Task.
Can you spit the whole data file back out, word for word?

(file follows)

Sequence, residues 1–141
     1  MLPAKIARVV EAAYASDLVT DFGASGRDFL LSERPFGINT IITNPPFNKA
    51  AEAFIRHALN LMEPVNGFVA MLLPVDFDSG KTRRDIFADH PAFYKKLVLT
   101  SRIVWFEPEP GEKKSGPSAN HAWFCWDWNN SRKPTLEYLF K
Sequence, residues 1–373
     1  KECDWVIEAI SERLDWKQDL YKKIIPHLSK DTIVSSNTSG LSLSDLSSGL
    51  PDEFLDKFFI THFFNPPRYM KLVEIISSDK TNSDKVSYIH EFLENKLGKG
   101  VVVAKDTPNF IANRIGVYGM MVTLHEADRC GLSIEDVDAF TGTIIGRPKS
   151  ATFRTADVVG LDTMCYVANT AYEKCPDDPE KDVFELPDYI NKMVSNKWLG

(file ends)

Sequence, residues 1–141
     1  MLPAKIARVV EAAYASDLVT DFGASGRDFL LSERPFGINT IITNPPFNKA
    51  AEAFIRHALN LMEPVNGFVA MLLPVDFDSG KTRRDIFADH PAFYKKLVLT
   101  SRIVWFEPEP GEKKSGPSAN HAWFCWDWNN SRKPTLEYLF K
Sequence, residues 1–373
     1  KECDWVIEAI SERLDWKQDL YKKIIPHLSK DTIVSSNTSG LSLSDLSSGL
    51  PDEFLDKFFI THFFNPPRYM KLVEIISSDK TNSDKVSYIH EFLENKLGKG
   101  VVVAKDTPNF IANRIGVYGM MVTLHEADRC GLSIEDVDAF TGTIIGRPKS
   151  ATFRTADVVG LDTMCYVANT AYEKCPDDPE KDVFELPDYI NKMVSNKWLG